Patriarch Dymytriy (Yarema) (9 December 1915 – 25 February 2000) was the second patriarch of Kiev and all Ukraine, and of the Ukrainian Autocephalous Orthodox Church (UAOC). Patriarch Dymytriy (Yarema) was successor to Patriarch Mstyslav (Skrypnyk) from 1993 to 2000 and was succeeded by Metropolitan Mefodiy (Kudryakov). He was a renaissance man who had studied art and music in his younger years, a leader with a developed political conscious who was a member of the Organization of Ukrainian Nationalists in the 1930s.
During World War II he was a prisoner of war in Germany. He was ordained to the diaconate on August 3, 1947, and to the priesthood on August 10 of that same year. In 1947–89 he was a member of the clergy of the Moscow Patriarchate. In 1989 he and the other members of the clergy left the Moscow Patriarchate and declared to be put under the omophor of the Ukrainian Autocephalous Orthodox Church under Metropolitan Mstyslav (Skrypnyk) who was at that time the head of the Ukrainian Autocephalous Orthodox Church in USA and Canada.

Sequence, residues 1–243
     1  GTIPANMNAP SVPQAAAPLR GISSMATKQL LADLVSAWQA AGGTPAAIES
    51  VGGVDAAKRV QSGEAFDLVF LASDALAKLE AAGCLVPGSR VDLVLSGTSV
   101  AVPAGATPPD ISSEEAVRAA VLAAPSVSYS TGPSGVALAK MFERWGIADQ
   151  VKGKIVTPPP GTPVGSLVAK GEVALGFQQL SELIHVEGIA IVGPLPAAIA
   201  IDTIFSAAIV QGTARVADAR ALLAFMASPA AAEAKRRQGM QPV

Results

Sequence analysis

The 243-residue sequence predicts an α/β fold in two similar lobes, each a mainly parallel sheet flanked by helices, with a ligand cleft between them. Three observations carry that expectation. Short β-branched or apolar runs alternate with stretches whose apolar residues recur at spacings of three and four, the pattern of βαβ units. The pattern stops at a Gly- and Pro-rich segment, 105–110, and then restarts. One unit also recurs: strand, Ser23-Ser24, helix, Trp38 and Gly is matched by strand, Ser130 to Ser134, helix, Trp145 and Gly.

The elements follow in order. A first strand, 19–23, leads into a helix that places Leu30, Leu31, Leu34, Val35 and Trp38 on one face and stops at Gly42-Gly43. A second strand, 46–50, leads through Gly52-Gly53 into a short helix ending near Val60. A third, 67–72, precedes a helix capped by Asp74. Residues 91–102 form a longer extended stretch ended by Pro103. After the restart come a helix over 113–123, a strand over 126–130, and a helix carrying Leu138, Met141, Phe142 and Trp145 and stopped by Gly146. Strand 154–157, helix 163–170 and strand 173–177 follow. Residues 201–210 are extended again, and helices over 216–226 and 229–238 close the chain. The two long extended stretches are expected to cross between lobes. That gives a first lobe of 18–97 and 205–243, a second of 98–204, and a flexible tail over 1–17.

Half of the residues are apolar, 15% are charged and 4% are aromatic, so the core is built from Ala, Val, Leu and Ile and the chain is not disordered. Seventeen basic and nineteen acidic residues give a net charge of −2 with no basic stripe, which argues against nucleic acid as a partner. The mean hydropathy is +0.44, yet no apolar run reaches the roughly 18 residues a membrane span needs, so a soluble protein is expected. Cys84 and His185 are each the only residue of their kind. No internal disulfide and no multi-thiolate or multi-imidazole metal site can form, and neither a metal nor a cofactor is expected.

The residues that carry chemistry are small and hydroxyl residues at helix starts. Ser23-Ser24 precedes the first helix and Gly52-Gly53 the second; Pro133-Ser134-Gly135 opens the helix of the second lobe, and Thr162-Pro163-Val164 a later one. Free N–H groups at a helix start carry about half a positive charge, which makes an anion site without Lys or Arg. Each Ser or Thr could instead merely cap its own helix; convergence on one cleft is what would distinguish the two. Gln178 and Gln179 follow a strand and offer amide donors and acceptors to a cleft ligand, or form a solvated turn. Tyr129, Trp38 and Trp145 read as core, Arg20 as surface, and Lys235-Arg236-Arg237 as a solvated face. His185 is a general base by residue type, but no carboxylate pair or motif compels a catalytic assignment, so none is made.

By 1990, with the Soviet Union falling apart, the Rev. Yarema initiated and was a participant in the first All-Ukrainian Sobor of the UAOC, held in Kiev in 1990, which elected Metropolitan Mstyslav as the first patriarch of Ukraine. In 1993 he took his monastic vows and then was ordained bishop of Pereyaslovskiy and Sichevskiy. On the II Council of this Church in 1993 he was voted Patriarch of Kyiv and all Rus’-Ukraine. In late 1998 the aging Patriarch Dymytriy, his health weakening, determined that the future of the Church would be strengthen if it would turn once again to the Ukrainian diaspora, which had maintained the UAOC during nearly 70 years of Communist rule in Ukraine.
The choice Patriarch Dymytriy made in his last will and testament to request that the UAOC hierarchy agree to allow Metropolitan Constantine of the Ukrainian Orthodox Church of the USA to guide it – which, if carried out, would effectively unite the two Churches – was a calculated move to save the UAOC from further incursions from the larger Ukrainian Orthodox Church - Kiev Patriarchate, and the Ukrainian Orthodox Church (Moscow Patriarchate).